Haitian businessman-turned-opposition figure Reginald Boulos is building a US lobbying team to garner financial support from the diaspora and political backing from the American government as he looks to replace President Jovenel Moise.
A former doctor who previously led the country’s powerful Chamber of Commerce and Industry, Boulos established his center-left MTV Ayiti party in 2019. He has called for Moise to step down and be replaced by a transitional government ahead of presidential and parliamentary elections slated for this September.
Boulos is paying former Colorado state lawmaker Joe Miklosi (D-Denver) $10,000 per month to help generate “public support” and “campaign awareness” from the million-strong Haitian diaspora in the United States, according to Miklosi’s new registration under the Foreign Agents Registration Act (FARA). Miklosi also plans to reach out to the Joe Biden administration, Congress and the State Department to share the “urgent need for US support of a new political party in Haiti and the reforms that it will bring.”
“The four pillars of the MTV Ayiti political party include empowering women, farmers, youth, and the diaspora community,” he wrote in his filing. “Dr. Boulos is interested in building constructive partnerships with leaders in the United States government and the Haitian American diaspora community.”
The agreement was effective May 1 and lasts until November, when the second round of elections is scheduled to be held.
Miklosi served in the Colorado state house from 2009 to 2013.
From 2007 to 2015 he was the government relations director for Project CURE, a nonprofit organization that donates medical equipment to hospitals in Haiti and other developing nations. He also heads international business consulting firm Bridge Consulting.
While this is his first registration as a foreign agent, Miklosi also lobbies for an Ethiopian diaspora group that largely supports Prime Minister Abiy Ahmed‘s response to the conflict in Tigray.
Miklosi’s filing says he is expected to work with Denver PR firm Novitas Communications as part of his engagement for Boulos (May 28 update: Novitas founder and CEO Michelle Lyng has now filed a FARA disclosure saying the firm is being paid $5,000 per month for the purpose of “supporting fundraising“). Miklosi may also soon have some extra lobbying help: Art Estopinan, the longtime chief of staff to former House Foreign Affairs Committee Chairwoman Ileana Ros-Lehtinen (R-Fla.), told Foreign Lobby Report that he’s considering joining the campaign.
The Estopinan Group has disclosed $120,000 in payments from Boulos since November 2019 for lobbying work bringing attention to human rights violations under President Moise to lawmakers on Capitol Hill. With Boulos now formally entering the political fray, Estopinan said he would terminate his human rights work and consider a new role.
“I’m evaluating the possibility of joining the political team,” Estopinan said. “Now that he’s looking at the possibility of running for president, there’s a new stage in his DC lobbying efforts.”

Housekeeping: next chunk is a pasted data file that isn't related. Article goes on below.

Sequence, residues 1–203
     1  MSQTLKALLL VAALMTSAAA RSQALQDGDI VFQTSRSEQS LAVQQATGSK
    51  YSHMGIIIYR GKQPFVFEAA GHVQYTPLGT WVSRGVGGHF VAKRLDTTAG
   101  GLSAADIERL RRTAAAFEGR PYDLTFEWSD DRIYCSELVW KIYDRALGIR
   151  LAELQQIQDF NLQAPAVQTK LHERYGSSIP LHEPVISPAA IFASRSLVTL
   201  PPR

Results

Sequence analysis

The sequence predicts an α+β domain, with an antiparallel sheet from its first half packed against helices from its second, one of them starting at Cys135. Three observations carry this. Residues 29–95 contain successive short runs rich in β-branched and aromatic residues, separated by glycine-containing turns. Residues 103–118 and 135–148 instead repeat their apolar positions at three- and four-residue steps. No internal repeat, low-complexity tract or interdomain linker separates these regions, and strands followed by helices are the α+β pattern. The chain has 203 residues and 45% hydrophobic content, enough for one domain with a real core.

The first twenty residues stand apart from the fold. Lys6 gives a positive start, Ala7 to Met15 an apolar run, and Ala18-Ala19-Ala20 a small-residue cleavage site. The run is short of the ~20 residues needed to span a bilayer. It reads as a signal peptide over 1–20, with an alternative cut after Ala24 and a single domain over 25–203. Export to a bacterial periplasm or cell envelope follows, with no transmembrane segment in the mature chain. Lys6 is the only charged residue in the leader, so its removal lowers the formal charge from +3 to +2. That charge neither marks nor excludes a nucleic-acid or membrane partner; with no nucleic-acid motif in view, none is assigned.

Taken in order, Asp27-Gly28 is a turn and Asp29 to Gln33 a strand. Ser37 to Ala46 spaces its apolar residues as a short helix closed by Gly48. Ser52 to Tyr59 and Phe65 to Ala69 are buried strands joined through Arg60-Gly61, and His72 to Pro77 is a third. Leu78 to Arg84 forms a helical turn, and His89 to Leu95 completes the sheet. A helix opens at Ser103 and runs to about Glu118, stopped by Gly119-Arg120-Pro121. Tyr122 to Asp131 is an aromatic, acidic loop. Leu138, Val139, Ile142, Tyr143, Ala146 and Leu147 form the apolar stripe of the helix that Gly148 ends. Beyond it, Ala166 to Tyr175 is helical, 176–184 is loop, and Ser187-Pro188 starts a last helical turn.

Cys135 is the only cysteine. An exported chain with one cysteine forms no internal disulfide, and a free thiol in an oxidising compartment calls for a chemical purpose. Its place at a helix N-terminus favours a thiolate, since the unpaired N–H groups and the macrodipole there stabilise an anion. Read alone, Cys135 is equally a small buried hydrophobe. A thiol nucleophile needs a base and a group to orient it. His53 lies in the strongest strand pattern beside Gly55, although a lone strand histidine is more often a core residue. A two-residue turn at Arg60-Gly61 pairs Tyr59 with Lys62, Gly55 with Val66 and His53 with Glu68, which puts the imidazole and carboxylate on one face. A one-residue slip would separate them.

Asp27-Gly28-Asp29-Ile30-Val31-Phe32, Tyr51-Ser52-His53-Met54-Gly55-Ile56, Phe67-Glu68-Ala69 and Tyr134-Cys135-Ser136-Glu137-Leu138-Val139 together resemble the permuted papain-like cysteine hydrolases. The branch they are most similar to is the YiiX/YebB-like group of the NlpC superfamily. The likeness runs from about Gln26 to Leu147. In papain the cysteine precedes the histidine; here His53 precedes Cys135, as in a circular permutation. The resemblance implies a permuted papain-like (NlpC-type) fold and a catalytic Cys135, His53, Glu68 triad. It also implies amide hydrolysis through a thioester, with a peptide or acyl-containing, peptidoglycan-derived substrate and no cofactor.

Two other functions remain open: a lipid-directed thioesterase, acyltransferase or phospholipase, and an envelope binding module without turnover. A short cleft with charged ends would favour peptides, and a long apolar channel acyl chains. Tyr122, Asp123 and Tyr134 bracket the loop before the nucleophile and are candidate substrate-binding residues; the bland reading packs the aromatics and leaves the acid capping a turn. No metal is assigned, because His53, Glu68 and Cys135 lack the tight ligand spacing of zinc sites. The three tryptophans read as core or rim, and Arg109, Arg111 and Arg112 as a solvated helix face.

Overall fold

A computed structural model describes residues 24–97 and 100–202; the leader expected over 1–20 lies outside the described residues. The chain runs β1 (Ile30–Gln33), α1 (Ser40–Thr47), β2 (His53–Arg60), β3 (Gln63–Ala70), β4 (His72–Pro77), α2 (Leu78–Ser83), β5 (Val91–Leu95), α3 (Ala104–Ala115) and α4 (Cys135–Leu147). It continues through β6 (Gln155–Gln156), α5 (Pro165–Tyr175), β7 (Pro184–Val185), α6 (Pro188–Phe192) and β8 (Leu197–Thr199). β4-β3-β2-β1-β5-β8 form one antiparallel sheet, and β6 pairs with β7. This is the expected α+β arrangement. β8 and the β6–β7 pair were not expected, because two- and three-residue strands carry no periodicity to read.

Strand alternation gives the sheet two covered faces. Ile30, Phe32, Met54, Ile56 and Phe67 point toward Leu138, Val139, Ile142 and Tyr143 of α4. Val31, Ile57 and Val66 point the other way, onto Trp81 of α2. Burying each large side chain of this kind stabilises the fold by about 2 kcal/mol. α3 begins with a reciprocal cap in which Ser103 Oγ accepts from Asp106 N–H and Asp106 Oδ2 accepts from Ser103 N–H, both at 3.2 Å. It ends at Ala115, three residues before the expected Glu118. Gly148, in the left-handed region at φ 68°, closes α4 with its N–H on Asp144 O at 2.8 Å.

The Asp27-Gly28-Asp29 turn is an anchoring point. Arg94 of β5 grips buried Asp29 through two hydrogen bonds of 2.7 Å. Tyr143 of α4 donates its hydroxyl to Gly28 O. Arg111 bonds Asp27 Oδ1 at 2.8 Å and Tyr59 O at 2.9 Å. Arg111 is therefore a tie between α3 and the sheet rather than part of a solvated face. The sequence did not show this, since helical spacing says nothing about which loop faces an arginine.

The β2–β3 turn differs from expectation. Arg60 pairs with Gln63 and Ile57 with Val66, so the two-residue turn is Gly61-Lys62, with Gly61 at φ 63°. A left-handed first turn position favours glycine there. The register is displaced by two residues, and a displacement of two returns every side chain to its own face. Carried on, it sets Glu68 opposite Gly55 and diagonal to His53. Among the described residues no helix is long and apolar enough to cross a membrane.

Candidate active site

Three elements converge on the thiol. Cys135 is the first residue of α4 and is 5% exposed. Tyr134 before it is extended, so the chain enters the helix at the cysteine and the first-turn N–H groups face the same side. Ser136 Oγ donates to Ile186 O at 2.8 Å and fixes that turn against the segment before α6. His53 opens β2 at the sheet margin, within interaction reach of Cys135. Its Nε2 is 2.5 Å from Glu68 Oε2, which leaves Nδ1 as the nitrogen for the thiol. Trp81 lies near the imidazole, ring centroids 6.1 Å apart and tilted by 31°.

Meanwhile Allison Maria Llera of Florida registered as a foreign agent of MTV Ayiti (Movement for the Transformation and Valorization of Haiti) in the fall of 2019 to help with outreach to the Haitian diaspora in the United States but has not disclosed any lobbying activity since then.
The Haitian government has also been stepping up its lobbying.
Moise’s office has leveraged its main lobbying firm, Mercury Public Affairs, to bat down arguments from the diaspora and their supporters in Congress that the president’s term ran out in February. The firm disclosed receiving $506,000 for its Haiti work in 2020.
Three other groups work for the Haitian government in Washington.
Damian Merlo, former US advisor to ex-President Michel Martelly, and his Miami-based Latin America Advisory Group signed a year-long $8,000 per month contract (since increased to $25,000) with Haitian Ambassador Bocchit Edmond on Nov. 17 for outreach to policymakers in the legislative and executive branch. The embassy also hired Florida law firm Patino & Associates in March for $37,000 per month. And Johanna Leblanc, a former vice-chair of Washington Mayor Muriel Bowser‘s Commission on African Affairs, has been paid $5,000 a month to serve as an adviser to the Haitian government since March 2019.
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The dueling lobbying push comes as the Biden administration, the diaspora and some members of Congress are butting heads over next steps in Haiti.
Some House Democrats with Haitian-American constituencies, including the powerful House Foreign Affairs Committee Chairman Greg Meeks (D-N.Y.), have called on Moise to step down, arguing that he cannot be trusted to oversee free and fair elections. The Biden administration has so far resisted calls by Boulos and others for a political transition that it says will inevitably further delay elections that are already well past their October 2019 due date.
“The needs of the Haitian people are far too pressing for elections to be delayed further,” acting Assistant Secretary of State for Western Hemisphere Affairs Julie Chung said in a Haitian diaspora stakeholder call last week. “You do not hold elections when it’s convenient; you hold them when they are due.”
Update: This post was updated on May 28, 2021 to reflect Novitas Communications‘ work for Boulos.